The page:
Personal touch helping to better encourage residents to spruce up
May 30, 2018 01:04PM ● Published by Carl Fauver
Out-of-control weeds and grass can be a problem in Taylorsville this time of year. (Kathleen Richins/Taylorsville City)
By Carl Fauver | firstname.lastname@example.org
Some Taylorsville residents had a funny thing happen as they were out pulling weeds and throwing junk in the garbage.
Mayor Kristie Overson jumped out of a car — filled with Taylorsville employees — to thank them.
“When we saw people working in their yards, the mayor asked us to stop for a minute so she could shake their hands and thank them for cleaning up,” said city Neighborhood Compliance Department Manager Kathleen Richins. “It was neat, and the people seemed to appreciate it.”
But it also begs the question, why was Overson cruising through neighborhoods with city employees?
“I heard the Neighborhood Compliance team was going to drive around with (City Manager) John Taylor to see what kind of problems they might see, as spring was arriving, so I asked to tag along,” Overson said. “Most of the areas we drove through were better than I expected. People take pride in their homes, and it was nice to speak with some of them.”
The Taylorsville Neighborhood Compliance Department is the four-person group to which residents can report problems. If your neighbor isn’t keeping his or her lawn cut, trees trimmed or immobile vehicles out of the street, you can call the department to take action.
And it seems as though team has learned the age-old adage, “You can catch more flies with honey than vinegar.”
“We used to be called code enforcers, and when we received a complaint we typically sent a letter to the offending resident,” Richins said. “But we have learned there are normally reasons why a yard needs mowing or a broken car isn’t moving. So now we try to make our first contact in person.”
In addition to responding to complaints, the Neighborhood Compliance team’s two officials — Deven Higgins and Jeff Gallegos — also drive Taylorsville streets looking for problems. When they find one, they stop to talk with the homeowners.
“When we first changed to a face-to-face contact policy, we were worried very few people might be home during business hours, but that’s not been the case,” Richins said. “If they aren’t home — or if there is a locked gate — then we leave a note. But we’ve found face-to-face contact to be much more pleasant and effective.”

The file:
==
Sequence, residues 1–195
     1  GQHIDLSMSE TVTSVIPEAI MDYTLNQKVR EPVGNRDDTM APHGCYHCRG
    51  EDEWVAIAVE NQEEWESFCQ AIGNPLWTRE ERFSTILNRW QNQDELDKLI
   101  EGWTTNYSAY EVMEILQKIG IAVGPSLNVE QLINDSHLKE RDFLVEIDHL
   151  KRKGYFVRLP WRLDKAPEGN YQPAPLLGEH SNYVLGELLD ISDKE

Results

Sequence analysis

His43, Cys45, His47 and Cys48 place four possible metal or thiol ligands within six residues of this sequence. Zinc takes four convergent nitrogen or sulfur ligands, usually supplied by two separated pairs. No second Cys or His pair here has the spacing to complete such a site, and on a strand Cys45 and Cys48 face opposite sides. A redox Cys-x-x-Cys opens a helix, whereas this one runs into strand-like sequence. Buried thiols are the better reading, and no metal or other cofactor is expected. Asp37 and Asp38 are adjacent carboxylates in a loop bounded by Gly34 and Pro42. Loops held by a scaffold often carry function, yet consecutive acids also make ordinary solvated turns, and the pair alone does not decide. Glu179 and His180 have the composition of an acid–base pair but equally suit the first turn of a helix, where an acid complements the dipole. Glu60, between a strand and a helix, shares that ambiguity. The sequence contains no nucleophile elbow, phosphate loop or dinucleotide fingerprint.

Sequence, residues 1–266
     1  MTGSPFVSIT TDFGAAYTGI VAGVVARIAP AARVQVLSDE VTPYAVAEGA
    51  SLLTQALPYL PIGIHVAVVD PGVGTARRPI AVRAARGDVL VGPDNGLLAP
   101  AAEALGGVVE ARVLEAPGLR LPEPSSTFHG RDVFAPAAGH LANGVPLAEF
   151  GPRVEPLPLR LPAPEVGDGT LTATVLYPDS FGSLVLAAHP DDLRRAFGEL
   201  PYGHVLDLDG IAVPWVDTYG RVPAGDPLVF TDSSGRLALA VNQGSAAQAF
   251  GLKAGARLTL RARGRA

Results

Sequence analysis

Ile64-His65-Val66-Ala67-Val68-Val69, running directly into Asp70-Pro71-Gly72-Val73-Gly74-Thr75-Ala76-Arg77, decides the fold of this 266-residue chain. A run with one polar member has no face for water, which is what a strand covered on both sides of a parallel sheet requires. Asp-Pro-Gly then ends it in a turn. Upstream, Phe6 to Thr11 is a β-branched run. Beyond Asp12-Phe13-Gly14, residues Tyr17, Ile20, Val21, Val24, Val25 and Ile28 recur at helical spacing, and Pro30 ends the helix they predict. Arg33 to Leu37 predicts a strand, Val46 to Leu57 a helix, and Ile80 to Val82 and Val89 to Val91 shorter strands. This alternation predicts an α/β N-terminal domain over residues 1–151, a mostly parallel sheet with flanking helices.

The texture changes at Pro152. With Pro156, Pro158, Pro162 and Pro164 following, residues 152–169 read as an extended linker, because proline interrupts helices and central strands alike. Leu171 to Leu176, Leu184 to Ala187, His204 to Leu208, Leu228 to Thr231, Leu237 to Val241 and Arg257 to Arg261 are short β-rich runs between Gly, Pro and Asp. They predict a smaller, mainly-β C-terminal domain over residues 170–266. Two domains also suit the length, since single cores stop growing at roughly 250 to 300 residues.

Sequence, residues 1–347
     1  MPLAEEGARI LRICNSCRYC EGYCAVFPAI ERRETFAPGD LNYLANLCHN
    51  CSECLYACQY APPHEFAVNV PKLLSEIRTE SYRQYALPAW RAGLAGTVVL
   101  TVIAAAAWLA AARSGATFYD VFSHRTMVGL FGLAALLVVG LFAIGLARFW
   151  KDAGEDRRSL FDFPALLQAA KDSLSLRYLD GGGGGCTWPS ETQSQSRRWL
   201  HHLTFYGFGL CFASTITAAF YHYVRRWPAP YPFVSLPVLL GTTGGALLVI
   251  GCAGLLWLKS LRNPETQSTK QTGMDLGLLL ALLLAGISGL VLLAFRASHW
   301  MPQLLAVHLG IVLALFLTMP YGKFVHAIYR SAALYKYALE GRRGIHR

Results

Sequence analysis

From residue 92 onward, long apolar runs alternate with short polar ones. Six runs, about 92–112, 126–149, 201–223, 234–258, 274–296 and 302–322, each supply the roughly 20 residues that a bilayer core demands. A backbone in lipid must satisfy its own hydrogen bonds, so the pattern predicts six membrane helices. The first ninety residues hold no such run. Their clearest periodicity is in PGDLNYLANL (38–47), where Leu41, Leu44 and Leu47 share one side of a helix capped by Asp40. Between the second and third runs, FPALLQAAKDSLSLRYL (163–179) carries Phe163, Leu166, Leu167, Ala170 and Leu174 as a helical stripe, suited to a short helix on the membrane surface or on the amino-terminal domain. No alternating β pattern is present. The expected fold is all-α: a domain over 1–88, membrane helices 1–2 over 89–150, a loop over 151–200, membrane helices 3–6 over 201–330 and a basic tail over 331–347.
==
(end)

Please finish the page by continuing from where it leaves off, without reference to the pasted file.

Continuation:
Although unruly lawns and low-hanging branches over sidewalks are a problem, Richins said the biggest issue her compliance department comes across are cars parked in front of homes.
“Our city ordinance requires all vehicles parked on the street to move at least once every 24 hours,” Richins said. “But sometimes people leave cars parked at the curb that don’t run. I’ve seen some with two or three flat tires. We have to get people to move those because they are a safety hazard. The vehicles also make mail delivery more difficult and cause problems for snowplows in the winter.”
The Neighborhood Compliance Department and Overson agree that the goal is not to generate revenue from fines but to make Taylorsville cleaner and safer.
“We don’t want people’s money,” Overson said. “We just want people to show they care about their homes and how our city looks as a whole.”
In addition to Richins, Gallegos and Higgins, the fourth member of the Neighborhood Compliance Department is coordinator Kary Webb.
“Kary was just recently hired to work on several special projects,” Richins said. “For starters, she is now working to identify all of the utility boxes in our city that are in disrepair. Then she’s coordinating with Comcast, CenturyLink, Rocky Mountain Power and others to see they get repaired.”
Meanwhile, Higgins is on the job by 4 a.m. every Friday, tending to another issue.
“Deven drives around while it’s still dark, searching for streetlights that aren’t working,” Richins added. “We started him doing it two years ago, and more than 400 lights have been repaired since then.”
Taylorsville residents who are clearing junk and debris from around their homes should see neighborhood dumpsters appear in June. Also, Richins said all city households are entitled to receive up to two vouchers to haul two loads of junk to the landfill at no cost.
To request a landfill voucher — or to report a neighbor who needs some encouragement to clean up — call the Taylorsville Neighborhood Compliance Department at 801-955-2013.